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Riviera Resident Reflects on Greek Holocaust

As she looks out from her Hollywood Riviera home onto the blue Pacific below, Stella Leontsini never takes for granted the calm and peaceful existence she enjoys today. It’s a far cry from her childhood in Greece, where she and her family were constantly on the move to avoid the German soldiers hunting down Jews during WW2.

Stella was born in Greece in 1939, just two years before Germany invaded the country. At the time, approximately 75,000 Jews lived in Greece, with around 50,000 in Salonica. In 1943, almost all of Salonica’s Jewish population, along with neighboring communities, were deported to Auschwitz. By the end of the war in 1945, only about 10,000 Greek Jews survived the Holocaust, and Stella was one of them.

Stella’s family was living in Athens when the war began. “My parents, with the help of a close friend named Nicholas Katsas, quickly changed their names from Isaac and Alice Leontsini to Michael and Alice Katsas to hide their true identities,” said Stella, whose Greek roots trace back to 1640. “We fled our home and moved into a one-room guardhouse at the entrance of our friend’s farm.”

Stella’s father buried the family’s valuables in the yard of his factory (they were retrieved after the war ended). Every time someone who knew Isaac spotted him, the family loaded up their pushcart and moved by foot to a new dwelling. The last home they stayed in before the war ended was next to a German camp, and the Leontsinis had to pass by the guards every time they came and went. The home was so nice, no one imagined a Jewish family would live there.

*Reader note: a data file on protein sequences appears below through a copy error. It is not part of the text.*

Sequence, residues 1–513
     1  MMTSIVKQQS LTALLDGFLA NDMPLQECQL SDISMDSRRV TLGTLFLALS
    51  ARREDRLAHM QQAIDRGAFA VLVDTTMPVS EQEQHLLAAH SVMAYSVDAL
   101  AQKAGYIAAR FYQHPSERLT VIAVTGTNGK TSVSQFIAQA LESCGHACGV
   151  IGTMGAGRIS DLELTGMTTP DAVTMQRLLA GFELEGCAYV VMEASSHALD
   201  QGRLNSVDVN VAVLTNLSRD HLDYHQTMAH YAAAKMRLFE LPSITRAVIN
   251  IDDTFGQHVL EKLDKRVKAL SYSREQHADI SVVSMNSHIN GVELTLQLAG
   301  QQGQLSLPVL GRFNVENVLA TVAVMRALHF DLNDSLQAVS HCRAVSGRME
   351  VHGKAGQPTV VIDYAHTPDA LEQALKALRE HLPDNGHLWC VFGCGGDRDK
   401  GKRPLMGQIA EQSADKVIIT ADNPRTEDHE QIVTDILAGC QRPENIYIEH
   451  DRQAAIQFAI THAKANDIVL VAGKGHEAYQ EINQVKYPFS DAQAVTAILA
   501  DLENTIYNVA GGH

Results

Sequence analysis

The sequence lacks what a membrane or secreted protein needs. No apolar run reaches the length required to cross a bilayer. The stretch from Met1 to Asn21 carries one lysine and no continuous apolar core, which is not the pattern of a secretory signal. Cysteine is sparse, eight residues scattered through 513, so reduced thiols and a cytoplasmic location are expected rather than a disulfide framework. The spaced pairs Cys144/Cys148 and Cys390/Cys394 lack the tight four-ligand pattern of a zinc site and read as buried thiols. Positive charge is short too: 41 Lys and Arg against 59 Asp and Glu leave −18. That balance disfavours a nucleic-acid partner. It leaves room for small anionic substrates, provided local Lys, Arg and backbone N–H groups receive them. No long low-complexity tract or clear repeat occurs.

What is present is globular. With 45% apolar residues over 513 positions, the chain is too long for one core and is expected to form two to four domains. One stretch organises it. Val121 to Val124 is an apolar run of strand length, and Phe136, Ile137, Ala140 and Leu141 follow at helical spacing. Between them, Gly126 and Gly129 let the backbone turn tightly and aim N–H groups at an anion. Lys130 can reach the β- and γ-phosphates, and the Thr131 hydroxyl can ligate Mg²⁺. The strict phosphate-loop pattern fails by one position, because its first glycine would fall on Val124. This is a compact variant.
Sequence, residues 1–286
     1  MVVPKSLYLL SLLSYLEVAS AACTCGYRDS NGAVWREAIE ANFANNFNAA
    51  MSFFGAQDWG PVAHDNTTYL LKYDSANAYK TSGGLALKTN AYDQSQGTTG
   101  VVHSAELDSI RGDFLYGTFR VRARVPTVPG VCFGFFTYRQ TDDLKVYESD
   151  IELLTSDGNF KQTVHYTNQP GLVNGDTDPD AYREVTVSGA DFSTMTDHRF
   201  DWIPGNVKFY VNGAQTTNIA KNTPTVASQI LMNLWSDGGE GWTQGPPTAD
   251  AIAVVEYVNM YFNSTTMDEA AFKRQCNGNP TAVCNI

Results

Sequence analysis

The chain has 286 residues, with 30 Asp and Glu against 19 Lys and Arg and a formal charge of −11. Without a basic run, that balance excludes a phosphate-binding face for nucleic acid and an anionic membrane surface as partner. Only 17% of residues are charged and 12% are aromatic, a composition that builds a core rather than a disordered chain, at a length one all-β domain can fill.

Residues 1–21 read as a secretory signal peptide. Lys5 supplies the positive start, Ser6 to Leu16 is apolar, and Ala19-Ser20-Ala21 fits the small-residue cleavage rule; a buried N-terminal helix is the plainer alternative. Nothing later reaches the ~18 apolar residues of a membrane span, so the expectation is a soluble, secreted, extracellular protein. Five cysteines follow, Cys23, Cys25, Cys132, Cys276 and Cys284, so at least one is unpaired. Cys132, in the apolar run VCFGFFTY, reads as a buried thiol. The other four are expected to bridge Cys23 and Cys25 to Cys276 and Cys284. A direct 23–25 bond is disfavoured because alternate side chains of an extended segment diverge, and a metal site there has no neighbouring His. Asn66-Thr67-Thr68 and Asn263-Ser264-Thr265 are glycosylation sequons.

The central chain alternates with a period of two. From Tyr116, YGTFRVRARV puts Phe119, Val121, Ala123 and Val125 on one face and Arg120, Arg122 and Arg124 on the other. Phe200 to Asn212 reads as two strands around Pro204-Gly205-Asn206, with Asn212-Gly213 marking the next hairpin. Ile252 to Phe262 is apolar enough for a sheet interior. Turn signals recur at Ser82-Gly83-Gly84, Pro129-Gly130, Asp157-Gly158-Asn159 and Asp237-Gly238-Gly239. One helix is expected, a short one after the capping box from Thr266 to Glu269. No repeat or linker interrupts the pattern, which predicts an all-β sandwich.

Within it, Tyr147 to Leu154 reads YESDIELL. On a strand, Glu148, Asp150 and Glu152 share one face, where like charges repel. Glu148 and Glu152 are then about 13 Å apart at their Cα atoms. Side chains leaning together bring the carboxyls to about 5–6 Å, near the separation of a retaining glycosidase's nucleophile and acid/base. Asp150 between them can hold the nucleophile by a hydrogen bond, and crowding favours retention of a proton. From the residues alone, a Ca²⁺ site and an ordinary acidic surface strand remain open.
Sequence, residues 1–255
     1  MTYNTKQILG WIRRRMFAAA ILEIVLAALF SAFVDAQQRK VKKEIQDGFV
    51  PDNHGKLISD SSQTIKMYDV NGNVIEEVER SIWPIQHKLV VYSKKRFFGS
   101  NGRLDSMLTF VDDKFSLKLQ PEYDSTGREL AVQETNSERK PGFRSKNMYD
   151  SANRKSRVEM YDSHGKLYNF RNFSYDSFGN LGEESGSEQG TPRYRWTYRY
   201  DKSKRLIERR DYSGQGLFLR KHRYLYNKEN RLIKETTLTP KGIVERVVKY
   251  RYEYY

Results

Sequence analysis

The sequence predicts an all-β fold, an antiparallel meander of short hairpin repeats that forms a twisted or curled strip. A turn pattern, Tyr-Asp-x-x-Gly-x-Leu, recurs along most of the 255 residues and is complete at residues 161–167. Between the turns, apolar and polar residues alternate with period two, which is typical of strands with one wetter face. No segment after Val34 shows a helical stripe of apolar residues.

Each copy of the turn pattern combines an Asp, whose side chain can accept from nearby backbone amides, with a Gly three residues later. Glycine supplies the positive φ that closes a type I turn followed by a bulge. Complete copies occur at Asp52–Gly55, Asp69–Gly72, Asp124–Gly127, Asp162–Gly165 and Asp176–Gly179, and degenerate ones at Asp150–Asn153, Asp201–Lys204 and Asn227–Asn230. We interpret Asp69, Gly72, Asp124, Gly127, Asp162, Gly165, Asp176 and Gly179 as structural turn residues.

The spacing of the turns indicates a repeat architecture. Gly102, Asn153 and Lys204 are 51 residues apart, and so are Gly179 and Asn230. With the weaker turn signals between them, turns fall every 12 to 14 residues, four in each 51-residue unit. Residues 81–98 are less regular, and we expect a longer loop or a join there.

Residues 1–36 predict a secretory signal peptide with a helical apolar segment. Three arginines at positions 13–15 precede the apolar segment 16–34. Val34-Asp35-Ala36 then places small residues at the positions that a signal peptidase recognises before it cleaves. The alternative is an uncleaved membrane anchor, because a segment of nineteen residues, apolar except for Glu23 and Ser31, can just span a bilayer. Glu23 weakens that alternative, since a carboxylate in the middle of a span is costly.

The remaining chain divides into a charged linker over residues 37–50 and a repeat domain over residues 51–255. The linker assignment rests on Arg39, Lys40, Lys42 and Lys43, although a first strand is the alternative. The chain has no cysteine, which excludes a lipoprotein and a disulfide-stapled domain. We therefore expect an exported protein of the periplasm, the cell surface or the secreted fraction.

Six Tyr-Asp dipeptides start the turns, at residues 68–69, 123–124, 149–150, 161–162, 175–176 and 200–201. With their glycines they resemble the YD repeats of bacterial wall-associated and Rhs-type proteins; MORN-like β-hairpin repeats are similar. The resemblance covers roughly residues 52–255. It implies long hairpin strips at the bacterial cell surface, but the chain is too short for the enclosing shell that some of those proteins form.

Stella lost 34 members of her family to the Holocaust, all of who lived on the island of Corfu. She left Greece after high school to study fashion design in Geneva, then returned to her home country where she met an American doctor whom she married in 1962. A year later they welcomed their daughter, Suzanne.

Stella, her husband, and daughter moved to the U.S. in 1964 and settled in Torrance a year later. They purchased a roomy Hollywood Riviera home with huge views in 1972 where they raised their three children, Suzanne, David, and Alexia Brody.

Stella was a nurse at hospitals in Redondo Beach and Long Beach for 15 years, then spent many years as a travel agent organizing private tours to Italy, Greece, and throughout Europe. She also gave talks at local libraries on the Los Angeles Opera.

Today, Stella enjoys gardening, gathering with friends and spending time with family, and plans to never leave the Riviera.

“I love my life, but it’s important to never forget what happened during the Holocaust, not just to Jews, but to the millions of others murdered then as well. We can never let that awful time in history repeat itself.”

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